“As long as you have your health,” they said, “you have everything.”
As we age we come to know how true that simple statement is.
In our youth, we took everything for granted –– family, education, friends, safety, material things that led toward a life with endless possibilities.
Then as we soared through our 20s and 30s, we hit our stride and saw the world in that magical blur of marriage and children and success on every level.
Those were the days when we casually filled out the forms at the doctor’s office for our annual physical without having to check any of those “have you ever had” boxes. Actually, we hardly read them. And in truth, we didn’t even know what they were.
In our 40s and 50s, perhaps, an accident could throw us off course, land us in the hospital where they fixed things and warned us to be careful. But perhaps we didn’t bounce back as quickly as before. Maybe the pain lingered longer than expected.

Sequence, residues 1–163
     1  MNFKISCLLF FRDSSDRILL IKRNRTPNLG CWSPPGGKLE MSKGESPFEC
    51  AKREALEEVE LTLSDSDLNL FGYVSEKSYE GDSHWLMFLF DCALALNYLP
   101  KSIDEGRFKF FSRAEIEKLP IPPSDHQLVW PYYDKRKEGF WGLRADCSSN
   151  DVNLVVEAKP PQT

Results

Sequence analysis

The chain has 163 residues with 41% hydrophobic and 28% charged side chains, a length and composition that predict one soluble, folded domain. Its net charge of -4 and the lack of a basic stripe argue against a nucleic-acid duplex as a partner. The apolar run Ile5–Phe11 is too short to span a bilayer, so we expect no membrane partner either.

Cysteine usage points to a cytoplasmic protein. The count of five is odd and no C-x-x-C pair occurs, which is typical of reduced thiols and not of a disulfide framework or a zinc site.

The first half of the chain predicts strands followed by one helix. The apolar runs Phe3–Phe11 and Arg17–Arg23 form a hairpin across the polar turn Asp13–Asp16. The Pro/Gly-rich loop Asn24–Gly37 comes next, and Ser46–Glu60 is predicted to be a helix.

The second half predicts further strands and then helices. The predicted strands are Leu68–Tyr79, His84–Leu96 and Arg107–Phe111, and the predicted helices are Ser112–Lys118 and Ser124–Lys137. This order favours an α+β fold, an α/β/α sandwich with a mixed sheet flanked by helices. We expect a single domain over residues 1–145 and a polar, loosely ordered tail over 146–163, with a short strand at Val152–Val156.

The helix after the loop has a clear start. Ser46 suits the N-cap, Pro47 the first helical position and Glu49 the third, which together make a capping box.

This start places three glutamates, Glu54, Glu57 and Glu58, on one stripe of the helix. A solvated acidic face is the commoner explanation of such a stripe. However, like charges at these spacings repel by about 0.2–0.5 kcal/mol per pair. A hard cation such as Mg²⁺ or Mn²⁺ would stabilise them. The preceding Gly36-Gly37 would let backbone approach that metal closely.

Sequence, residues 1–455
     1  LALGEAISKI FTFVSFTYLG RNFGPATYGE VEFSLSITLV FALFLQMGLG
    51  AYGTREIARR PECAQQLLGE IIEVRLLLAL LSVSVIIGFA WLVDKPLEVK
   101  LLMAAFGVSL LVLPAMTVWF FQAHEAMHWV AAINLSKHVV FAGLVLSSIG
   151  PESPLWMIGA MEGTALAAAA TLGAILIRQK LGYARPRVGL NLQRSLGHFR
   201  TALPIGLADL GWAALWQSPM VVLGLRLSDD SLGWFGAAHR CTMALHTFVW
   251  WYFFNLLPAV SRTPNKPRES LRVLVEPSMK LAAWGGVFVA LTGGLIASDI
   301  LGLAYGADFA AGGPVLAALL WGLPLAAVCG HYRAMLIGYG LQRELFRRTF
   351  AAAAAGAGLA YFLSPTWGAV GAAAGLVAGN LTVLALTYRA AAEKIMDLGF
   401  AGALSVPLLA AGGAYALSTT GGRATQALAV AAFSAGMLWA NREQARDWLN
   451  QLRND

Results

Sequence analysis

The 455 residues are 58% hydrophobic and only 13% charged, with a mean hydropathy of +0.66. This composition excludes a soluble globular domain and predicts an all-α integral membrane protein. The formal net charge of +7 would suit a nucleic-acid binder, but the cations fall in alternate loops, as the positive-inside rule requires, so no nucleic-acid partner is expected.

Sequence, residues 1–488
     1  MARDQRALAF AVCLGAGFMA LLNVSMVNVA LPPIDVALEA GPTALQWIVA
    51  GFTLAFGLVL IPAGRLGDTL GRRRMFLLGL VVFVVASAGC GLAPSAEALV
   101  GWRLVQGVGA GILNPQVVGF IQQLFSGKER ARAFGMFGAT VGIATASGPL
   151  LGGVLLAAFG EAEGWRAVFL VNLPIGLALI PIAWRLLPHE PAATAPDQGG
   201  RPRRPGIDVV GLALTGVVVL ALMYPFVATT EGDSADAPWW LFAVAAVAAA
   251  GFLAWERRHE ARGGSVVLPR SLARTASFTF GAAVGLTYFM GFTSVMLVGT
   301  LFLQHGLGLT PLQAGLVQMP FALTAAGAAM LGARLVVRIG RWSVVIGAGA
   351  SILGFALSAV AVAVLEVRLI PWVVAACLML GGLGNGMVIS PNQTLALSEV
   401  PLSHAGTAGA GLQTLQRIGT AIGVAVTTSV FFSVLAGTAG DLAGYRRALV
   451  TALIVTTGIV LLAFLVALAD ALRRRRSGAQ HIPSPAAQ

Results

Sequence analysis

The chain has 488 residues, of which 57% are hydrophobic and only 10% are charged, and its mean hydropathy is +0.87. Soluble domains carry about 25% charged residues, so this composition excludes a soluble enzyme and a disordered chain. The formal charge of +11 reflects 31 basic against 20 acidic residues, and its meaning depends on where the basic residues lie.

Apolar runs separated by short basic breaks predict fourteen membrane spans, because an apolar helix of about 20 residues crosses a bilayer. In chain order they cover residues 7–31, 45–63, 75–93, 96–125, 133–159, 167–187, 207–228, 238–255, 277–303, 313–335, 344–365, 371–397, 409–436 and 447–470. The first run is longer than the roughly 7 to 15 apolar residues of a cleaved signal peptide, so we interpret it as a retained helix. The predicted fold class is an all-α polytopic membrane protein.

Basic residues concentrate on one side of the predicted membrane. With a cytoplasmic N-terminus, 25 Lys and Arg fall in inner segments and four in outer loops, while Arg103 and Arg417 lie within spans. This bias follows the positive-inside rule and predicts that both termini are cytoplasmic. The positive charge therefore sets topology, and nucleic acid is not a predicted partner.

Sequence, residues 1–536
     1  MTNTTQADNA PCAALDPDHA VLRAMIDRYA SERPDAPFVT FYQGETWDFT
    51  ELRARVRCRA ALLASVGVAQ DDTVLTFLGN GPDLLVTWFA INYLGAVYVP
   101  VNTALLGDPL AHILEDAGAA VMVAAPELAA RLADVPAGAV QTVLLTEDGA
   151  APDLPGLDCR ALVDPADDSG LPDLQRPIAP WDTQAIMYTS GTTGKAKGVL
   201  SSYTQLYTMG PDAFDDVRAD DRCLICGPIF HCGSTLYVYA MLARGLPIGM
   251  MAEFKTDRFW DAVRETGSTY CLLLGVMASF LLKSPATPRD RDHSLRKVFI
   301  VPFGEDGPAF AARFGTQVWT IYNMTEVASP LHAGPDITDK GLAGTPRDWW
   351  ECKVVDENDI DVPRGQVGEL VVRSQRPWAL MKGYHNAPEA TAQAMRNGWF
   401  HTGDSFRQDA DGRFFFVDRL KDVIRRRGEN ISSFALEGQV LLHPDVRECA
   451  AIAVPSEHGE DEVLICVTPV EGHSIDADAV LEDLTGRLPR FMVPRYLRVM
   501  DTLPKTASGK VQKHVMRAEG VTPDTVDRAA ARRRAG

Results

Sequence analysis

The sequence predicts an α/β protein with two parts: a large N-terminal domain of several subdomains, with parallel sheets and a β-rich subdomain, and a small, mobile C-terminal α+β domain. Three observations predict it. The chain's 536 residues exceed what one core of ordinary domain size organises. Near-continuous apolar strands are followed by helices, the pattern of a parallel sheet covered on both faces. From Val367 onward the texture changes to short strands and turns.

Then, if you’re lucky, you live long enough to retire and look forward to the “golden years” you’ve so rightfully earned. But those aches and pains are suddenly chronic, and you’re taking a handful of pills every night and can’t remember what they’re for.
This is when you recall those words your grandparents said back in the beginning –– “As long as you have your health, you have everything.”
By: Ken Burger, former Post and Courier sports columnist and local author. Reach Ken at firstname.lastname@example.org.